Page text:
Passive Solar Greenhouse-A Sustainable Option for Propagating Sweet Potato for Colder Climatic Regions

  •  Sajjad Ali Rao    
  •  Poonam Singh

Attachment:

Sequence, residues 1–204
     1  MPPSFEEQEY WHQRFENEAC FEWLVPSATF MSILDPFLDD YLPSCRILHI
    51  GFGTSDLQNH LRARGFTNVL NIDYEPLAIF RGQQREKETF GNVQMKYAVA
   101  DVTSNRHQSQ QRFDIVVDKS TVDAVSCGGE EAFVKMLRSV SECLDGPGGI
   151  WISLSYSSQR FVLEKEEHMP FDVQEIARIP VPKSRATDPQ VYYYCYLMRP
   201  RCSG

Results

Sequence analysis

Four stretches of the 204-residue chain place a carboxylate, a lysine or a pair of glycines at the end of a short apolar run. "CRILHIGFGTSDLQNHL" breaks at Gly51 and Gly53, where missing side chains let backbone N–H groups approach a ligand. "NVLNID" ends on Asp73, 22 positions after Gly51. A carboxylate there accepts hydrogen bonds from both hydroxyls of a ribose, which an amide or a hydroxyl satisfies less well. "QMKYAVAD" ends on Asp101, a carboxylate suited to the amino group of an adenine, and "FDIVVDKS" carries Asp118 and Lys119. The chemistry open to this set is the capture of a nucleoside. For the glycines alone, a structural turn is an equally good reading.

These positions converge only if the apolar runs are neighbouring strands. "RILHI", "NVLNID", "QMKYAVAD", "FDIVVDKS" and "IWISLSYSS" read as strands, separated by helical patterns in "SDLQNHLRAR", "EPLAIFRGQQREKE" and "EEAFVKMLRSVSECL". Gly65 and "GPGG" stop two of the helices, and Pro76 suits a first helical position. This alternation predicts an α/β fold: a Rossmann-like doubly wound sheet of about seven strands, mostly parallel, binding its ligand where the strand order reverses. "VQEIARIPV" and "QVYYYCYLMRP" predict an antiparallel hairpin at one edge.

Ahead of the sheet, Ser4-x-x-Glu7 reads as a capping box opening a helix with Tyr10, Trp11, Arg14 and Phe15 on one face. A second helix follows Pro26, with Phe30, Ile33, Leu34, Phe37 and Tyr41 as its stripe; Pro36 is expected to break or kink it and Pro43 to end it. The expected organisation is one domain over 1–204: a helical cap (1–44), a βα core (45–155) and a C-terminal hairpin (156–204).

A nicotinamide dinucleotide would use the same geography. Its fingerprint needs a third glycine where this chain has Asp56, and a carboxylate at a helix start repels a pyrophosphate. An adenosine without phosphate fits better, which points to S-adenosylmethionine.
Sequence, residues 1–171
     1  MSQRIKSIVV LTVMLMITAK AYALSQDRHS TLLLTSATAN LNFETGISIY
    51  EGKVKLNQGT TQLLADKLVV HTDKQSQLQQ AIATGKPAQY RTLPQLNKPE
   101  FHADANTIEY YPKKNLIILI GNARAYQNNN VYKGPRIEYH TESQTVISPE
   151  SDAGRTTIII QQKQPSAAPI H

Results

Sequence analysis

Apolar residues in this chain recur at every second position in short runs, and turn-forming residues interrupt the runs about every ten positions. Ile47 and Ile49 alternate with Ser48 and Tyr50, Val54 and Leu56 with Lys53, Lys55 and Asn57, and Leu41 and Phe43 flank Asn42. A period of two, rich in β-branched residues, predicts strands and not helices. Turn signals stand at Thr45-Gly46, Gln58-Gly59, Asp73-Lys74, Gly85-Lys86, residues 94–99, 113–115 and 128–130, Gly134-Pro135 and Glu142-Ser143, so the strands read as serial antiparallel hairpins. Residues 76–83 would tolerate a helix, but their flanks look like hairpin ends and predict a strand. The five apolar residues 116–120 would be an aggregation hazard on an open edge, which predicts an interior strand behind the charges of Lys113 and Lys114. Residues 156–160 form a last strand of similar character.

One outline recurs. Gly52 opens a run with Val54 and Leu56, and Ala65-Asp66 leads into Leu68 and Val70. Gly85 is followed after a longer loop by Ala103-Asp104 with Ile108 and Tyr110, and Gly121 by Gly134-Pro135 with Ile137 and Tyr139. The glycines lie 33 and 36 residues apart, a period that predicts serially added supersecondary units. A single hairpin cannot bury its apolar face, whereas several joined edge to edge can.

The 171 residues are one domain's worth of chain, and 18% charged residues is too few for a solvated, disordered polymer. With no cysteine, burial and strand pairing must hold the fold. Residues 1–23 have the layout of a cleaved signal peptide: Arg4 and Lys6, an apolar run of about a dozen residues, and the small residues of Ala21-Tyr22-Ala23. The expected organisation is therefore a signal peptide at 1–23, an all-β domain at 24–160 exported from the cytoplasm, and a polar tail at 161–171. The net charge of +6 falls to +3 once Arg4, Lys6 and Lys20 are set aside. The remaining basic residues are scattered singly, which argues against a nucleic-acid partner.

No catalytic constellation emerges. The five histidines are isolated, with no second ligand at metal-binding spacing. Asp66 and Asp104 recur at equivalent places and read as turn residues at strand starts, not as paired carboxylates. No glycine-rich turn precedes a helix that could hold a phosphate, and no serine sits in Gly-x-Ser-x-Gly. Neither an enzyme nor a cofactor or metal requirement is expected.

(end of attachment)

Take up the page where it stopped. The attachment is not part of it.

Sweet potatoes (Ipomoea batatas L.) are nutritious and well adapted to a variety of growing systems around the world. This widely consumed root crop is propagated using cuttings, known as slips. Slips are predominantly cultivated in commercial settings, outdoors under field conditions, primarily in warmer regions, such as the southern states of the United States. Canada's slip production capacity is restricted due to its colder climate. Production of slips within a greenhouse system could prove to be a profitable enterprise for Canadian propagators and growers, especially with the availability of cost-effective greenhouse technology to support efficient slip production. A 2-year study was conducted at Assiniboine Community College, Brandon, Manitoba, Canada (49oN, 99oW). in 2019 and 2020, in a controlled commercial greenhouse (C1) with two passive solar greenhouse systems (PS1 and PS2) to determine the most efficient and economical way to produce slips commercially. The results from this study indicate passive solar greenhouse, PS1 and PS2 greenhouse technologies, produced comparable numbers of sweet potato slips (286.5, 273.3 per square meter respectively) compared to commercial standard greenhouse C1 (278.8). Days to sprouting of slips between C1, PS1 and PS2 greenhouses differed significantly (P<0.05). However, slip growth parameters, including number of nodes, stem diameter and total marketable slips produced in each greenhouse were not significantly different between C1, PS1 & PS2 greenhouses. In conclusion, local slip propagators can use PS1 and PS2 passive solar greenhouses to grow affordable, quality slips for sweet potato growers for timely field production in Canadian growing regions. Additionally, implementation of adapted passive solar greenhouse systems underscores the advancement of passive energy-based technology, which not only diminishes environmental repercussions but also offers year-round production alternatives.

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